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View NCGA Bill Details2021
Senate Bill 716 (Public) Filed Tuesday, April 13, 2021
Intro. by J. Jackson, Mohammed, Salvador.

Status: Ref To Com On Rules and Operations of the Senate (Senate action) (Apr 14 2021)

Bill History:

S 716

Bill Summaries:

  • Summary date: Apr 13 2021 - View Summary

    Identical to H 542, filed 4/13/21.

    Includes whereas clauses.

    Part I.

    Section 1.1

    Establishes requirements for revising legislative and congressional districts following the return of the 2020 census, listed in order of priority. Requires each member of each body to represent an equal number of inhabitants as possible, with the population for a legislative district within 5% of the ideal population for that district (as described) and the population for congressional districts within 0.1% of the ideal population for that district. Requires all districts to comply with the federal and state laws and constitutions. Requires all districts to minimize the number of split counties; be composed of convenient contiguous territory (exclude areas meeting only at points of adjoining corners); minimize the number of split municipalities; and be compact to the extent practicable (prohibiting bypassing nearby communities for more distant ones). Prohibits the NCGA from considering electoral results, political considerations, or incumbency in the preparation of legislative districts unless required by federal law. Requires legislative districts to minimize the number of split communities of interest, as defined. Prohibits splitting precincts for legislative districts, unless required by federal law.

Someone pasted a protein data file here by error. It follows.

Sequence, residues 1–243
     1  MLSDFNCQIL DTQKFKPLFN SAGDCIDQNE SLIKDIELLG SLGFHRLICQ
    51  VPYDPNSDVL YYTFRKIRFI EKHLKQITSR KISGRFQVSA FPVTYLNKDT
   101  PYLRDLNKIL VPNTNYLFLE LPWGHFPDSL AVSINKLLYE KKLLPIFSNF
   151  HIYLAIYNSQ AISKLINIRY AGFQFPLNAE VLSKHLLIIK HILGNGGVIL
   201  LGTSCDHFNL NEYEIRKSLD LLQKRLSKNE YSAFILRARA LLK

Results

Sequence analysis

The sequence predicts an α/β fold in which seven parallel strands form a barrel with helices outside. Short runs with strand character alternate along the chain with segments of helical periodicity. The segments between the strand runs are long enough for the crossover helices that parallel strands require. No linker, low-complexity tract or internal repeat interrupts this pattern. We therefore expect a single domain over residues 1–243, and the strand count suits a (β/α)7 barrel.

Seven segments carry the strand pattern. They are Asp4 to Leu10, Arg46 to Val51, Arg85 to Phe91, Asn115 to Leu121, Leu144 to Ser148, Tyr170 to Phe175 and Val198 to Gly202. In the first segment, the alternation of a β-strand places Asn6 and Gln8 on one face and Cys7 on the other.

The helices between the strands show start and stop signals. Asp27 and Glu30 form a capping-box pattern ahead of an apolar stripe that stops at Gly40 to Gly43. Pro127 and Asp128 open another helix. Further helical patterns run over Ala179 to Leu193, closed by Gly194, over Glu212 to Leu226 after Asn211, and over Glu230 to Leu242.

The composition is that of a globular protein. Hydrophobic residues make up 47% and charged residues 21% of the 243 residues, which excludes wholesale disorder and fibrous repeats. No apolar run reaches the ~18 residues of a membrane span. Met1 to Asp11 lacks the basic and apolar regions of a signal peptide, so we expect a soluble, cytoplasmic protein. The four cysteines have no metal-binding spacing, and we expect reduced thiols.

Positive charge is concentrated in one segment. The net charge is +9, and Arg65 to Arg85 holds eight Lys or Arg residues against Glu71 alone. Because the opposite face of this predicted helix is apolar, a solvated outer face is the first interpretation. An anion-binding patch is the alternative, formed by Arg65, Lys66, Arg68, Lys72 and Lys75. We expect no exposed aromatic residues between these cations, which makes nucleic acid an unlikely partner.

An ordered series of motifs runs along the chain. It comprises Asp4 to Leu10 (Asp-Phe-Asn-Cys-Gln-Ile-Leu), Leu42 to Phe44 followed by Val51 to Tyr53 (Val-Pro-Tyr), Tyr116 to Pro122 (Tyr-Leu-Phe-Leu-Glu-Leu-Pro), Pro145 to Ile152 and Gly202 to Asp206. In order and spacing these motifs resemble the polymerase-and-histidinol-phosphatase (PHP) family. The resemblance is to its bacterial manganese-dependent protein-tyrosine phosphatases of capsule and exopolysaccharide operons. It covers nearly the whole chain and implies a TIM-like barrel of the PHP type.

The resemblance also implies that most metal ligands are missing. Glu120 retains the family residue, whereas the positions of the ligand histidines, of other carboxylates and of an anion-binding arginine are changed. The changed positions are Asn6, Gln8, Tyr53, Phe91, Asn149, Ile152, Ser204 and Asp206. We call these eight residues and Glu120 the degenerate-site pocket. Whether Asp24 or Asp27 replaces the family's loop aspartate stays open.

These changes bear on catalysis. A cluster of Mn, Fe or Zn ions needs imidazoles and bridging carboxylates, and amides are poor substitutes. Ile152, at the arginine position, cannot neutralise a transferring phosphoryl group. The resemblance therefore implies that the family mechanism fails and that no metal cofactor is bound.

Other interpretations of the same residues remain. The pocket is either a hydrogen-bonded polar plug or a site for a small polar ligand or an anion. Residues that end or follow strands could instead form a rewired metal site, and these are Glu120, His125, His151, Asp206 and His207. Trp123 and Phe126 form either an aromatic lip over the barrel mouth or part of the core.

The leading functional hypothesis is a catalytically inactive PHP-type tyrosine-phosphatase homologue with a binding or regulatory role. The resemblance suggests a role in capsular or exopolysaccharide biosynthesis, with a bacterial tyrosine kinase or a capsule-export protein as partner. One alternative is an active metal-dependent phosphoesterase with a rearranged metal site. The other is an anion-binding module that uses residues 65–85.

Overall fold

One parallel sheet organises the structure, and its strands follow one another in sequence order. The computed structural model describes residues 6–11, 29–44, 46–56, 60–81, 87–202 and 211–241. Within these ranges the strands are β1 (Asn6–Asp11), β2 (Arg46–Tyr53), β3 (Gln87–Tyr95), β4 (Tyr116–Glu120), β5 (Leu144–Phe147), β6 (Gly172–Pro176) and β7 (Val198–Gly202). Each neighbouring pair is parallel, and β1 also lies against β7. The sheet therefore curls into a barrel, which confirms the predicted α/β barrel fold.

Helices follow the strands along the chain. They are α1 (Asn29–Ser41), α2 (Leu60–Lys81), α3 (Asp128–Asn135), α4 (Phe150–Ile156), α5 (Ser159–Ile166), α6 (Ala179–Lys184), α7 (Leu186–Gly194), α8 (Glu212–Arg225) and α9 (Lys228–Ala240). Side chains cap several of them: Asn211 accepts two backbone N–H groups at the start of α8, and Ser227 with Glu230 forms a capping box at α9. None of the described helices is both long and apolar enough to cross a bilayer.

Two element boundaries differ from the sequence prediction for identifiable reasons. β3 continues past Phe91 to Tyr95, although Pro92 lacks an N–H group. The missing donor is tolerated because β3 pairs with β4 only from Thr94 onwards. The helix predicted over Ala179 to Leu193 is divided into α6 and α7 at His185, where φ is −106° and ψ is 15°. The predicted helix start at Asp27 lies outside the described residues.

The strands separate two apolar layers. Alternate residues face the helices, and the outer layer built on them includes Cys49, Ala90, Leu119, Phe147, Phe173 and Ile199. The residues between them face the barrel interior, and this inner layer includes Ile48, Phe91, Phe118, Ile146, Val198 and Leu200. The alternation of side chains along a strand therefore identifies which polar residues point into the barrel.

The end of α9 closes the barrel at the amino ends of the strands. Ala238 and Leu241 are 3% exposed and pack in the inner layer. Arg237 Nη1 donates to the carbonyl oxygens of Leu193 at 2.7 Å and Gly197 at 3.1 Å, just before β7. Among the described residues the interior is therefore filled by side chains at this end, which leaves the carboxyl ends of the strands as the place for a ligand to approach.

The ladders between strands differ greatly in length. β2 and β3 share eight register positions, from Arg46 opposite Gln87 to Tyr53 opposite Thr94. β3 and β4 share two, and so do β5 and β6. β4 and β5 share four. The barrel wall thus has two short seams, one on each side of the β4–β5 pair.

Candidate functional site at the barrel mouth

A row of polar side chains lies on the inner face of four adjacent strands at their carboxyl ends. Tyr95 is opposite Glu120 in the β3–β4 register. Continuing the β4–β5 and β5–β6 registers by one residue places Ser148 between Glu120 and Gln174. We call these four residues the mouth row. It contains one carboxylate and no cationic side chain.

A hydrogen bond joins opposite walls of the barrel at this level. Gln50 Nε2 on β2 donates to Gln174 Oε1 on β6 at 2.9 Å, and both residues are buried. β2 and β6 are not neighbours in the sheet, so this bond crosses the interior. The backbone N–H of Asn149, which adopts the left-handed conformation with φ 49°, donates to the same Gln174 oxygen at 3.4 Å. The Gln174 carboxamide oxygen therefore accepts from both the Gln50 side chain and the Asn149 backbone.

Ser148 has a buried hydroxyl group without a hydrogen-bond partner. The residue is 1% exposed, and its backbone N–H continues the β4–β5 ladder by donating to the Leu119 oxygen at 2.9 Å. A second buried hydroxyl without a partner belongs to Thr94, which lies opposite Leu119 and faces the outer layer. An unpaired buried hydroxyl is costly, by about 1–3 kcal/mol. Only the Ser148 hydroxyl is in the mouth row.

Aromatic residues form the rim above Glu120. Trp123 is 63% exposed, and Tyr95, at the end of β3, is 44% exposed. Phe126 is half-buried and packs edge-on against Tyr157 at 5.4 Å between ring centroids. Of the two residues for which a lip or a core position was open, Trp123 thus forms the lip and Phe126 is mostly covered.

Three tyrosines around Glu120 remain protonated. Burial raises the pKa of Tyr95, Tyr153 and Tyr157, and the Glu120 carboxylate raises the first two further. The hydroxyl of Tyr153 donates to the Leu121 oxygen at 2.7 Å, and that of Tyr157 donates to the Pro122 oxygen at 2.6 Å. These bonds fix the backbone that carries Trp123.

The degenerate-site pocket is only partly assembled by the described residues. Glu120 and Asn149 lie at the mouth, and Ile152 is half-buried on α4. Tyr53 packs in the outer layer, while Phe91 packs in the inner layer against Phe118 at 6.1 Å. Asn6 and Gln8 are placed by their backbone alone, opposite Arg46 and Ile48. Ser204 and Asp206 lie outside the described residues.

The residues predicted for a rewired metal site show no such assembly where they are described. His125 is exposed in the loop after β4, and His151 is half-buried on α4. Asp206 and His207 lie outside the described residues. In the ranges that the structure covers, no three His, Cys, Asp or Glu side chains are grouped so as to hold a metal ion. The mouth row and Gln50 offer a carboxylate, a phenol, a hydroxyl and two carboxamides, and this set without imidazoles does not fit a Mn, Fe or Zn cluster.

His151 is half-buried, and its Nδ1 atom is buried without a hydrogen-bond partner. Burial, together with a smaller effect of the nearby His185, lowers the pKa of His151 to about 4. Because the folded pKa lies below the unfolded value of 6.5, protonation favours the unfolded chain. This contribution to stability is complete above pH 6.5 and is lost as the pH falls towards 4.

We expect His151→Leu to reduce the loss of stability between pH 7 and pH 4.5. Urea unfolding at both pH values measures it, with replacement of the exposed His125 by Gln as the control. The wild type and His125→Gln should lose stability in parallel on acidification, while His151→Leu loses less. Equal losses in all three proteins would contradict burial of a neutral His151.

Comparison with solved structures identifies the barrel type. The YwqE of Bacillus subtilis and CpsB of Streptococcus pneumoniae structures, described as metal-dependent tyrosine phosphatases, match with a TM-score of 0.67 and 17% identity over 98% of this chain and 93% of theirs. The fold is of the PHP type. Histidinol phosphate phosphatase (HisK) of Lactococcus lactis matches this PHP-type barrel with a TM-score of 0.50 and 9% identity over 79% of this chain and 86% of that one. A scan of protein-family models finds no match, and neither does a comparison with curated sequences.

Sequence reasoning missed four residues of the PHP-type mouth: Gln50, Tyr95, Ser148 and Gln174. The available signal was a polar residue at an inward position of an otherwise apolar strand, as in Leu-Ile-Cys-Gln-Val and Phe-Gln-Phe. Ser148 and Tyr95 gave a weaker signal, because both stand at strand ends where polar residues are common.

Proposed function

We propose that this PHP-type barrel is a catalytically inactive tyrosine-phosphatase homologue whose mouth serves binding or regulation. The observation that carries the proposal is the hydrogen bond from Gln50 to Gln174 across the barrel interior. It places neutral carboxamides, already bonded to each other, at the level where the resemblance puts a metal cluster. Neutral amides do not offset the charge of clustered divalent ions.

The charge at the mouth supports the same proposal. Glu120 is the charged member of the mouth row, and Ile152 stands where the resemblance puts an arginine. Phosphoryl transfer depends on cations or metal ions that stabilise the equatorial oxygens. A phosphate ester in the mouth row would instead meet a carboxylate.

Sections 1.2 through 1.4

    Subject to voter approval at the November 2022 general election, enacts Section 25 to Article II of the NC Constitution to charge the NCGA with establishing by law an independent process to revise the electoral districts for Congress and the NCGA after return of the decennial census, subject to the following limitations. Prohibits NCGA involvement in revising electoral districts. Requires each NCGA member and US House member to represent equal numbers of inhabitants, as possible. Mandates districts to consist of contiguous territory. Prohibits division of a county for NCGA districts to the extent practicable and consistent with federal law. Mandates that the districts remain unaltered until the return of another decennial census. Grants adopted electoral districts legislative force and effect. Makes conforming changes to Sections 3 and 5 of Article II to charge the NCGA with establishing an independent process to revise legislative districts and the apportionment of legislators among those districts. Makes these constitutional amendments effective upon certification.